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Tuscans win at Silverstone! International 90s GTs
A challenging weekend in many respects, but ultimately successful.
Terry and Tim had huge problems getting Steve Glynn's car ready, missing both Free Practice sessions. Darren lent them our spare gearbox which enabled them to get out for qualifying - but not until after 36 hours or so of endless grief.
In FP 1, and as a consequence of moving the seating position around to accomodate Darren in the car, I fluffed a downchange on my first time at speed through Copse (stretching for the pedals) and put a shock through the transmission, losing all drive. The drive shaft flange had pulled out of the side of the diff.
We changed the diff for FP2 only to have the ECU pack up mid way through the session. A sprint back to the awning for the spare got us back out again but only for a few laps. By qualifying Darren had done 3 laps, and I had done 5. Only a little better than Steve and Tim who had none at all. Tim and Darren raced on the full GP circuit in the Tuscan Challenge in 2003, but Steve and I have never raced on it - losing practice time was not good.
Qualifying went without a hitch, and the combined average of the two driver's times put us 5th on the grid, first in class and ahead of all the GT2s. Tim and Steve were in 9th, 3rd in GT3.
Come Saturday we decided Darren would start the race and hand over to me at around the 20 minute mark. He got a blinding start into 3rd and a three or four lap battle with the Stealth and then the two Porsche GT2s, before deciding to back off slightly to secure the GT3 win. With a very comfortable cushion of some 30 seconds or so, we signalled for him to pit for the driver change. Unfortunately at the end of the Hangar Straight the engine let go in a huge fashion, with a rod blowing a hole in the side of the block and through the bottom of the sump pan. Bitterly disappointing as third overall was on the cards, and the GT3 class win was in the bag. But as they say, to finish first, first you have to finish....
This left us with a lot of work to do, with Andy from APM Automotive and Charlie Barnard bearing the brunt of the work to fit the spare engine, working late into the night. Huge thanks to them both for their sterling efforts.
We would start 12th on the grid for race 2, and I did the first stint. The first lap and a half were good fun carving through the slower cars, but once I passed Steve on the Hangar Straight on Lap 2 it was a case of driving steadily, not making mistakes and short shifting to ensure we had no repeat of the previous day's engine issues.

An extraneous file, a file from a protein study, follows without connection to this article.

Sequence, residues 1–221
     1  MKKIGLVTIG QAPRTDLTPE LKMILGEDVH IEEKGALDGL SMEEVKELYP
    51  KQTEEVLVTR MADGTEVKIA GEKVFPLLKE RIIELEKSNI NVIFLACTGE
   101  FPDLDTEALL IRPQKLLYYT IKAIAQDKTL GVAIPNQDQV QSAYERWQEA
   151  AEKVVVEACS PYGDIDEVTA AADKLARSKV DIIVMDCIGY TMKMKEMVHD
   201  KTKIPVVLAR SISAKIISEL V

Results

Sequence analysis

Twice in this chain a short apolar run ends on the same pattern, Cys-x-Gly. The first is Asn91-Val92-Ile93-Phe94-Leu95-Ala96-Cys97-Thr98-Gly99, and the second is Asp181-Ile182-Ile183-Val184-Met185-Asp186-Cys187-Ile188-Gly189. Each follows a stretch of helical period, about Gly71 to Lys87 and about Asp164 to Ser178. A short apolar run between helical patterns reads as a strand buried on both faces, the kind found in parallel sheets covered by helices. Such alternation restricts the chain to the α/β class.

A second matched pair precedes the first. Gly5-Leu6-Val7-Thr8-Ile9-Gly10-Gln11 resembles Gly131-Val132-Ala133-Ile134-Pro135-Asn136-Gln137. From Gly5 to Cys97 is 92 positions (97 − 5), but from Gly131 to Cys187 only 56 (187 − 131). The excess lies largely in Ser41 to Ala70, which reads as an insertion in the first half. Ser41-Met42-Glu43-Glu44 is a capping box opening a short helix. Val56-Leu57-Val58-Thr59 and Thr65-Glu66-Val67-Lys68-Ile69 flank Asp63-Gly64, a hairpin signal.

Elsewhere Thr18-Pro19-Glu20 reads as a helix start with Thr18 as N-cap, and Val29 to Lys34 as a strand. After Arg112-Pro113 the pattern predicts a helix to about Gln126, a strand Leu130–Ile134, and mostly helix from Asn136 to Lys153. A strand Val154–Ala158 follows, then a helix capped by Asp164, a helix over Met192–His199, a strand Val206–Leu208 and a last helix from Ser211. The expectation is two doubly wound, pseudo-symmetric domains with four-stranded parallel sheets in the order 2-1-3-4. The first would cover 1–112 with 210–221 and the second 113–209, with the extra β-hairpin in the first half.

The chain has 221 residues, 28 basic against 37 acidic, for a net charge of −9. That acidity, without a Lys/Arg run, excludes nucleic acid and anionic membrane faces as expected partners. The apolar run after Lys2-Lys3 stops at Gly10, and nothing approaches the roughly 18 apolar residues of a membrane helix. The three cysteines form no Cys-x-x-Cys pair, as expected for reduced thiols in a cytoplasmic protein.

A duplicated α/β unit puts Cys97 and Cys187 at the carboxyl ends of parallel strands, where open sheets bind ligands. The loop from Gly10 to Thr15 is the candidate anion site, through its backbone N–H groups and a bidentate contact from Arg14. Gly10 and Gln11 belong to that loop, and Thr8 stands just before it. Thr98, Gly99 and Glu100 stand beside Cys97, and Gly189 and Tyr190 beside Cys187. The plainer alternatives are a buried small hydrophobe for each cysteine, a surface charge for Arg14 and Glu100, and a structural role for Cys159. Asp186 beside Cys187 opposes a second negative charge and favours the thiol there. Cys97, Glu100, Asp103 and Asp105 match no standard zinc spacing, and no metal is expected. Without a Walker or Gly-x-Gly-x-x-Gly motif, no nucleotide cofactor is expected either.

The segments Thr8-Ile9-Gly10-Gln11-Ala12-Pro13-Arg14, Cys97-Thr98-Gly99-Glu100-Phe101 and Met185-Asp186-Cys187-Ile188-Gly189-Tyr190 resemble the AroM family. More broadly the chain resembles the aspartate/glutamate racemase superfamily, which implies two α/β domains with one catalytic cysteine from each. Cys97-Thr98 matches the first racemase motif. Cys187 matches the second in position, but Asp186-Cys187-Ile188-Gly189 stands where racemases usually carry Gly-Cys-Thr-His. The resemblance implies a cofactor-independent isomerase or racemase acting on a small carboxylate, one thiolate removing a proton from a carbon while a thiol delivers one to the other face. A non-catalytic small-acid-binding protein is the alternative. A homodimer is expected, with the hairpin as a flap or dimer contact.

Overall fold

We pitted on lap 12, leading GT3 with a buffer of about 29 seconds over Steve. Darren then drove a smooth and steady second stint to take third overall and the GT3 win by a huge 1 minute 43 second margin over the #68 Venturi, after Tim was forced to pit a second time for a mechanical issue in the other Tuscan.
Overall it was a great weekend. Very hard work, but hugely satisfying to pitch the Tuscan against international compatition and to do so well. The series should grow from the relatively small grid at Silverstone and SRO are hoping to have a race at Spa during the FIA GT 24 hour weekend in July. There is a confirmed round at Magny Cours in October.
There were a few teething problems which no doubt will get sorted - the pit lane entry was completely blocked during live qualifying by a course car and an FIA GT3 car, the first race was shortened without any of the teams being notified, the minimum pit stop duration was changed as we walked into the pitlane, and finally the podium arrangements were, erm, disarranged. Somewhat surprising for an FIA run event, but no doubt the GT90 team from SRO are on the case and I suspect it will all run perfectly when the boss (Stephan Ratel) is out in his F40 at the next round.
It did feel slightly surreal sitting on the dummy grid alongside a Lotus GT1, a Ferrari 550GT and F40 behind, with my view of Liz Hurley wandering up the grid slightly obscured by the (pert) bottom of my FIA GT brolly girl...
For the record Liz Hurley's husband was the last of the 10 finishers, and he seemed like a nice chap....
So there you go. In this new International series, it appears that if you want to win GT3, the car to have is a tvr Tuscan!
Andy Holdens Report for the TVRCC
Well Done Guys
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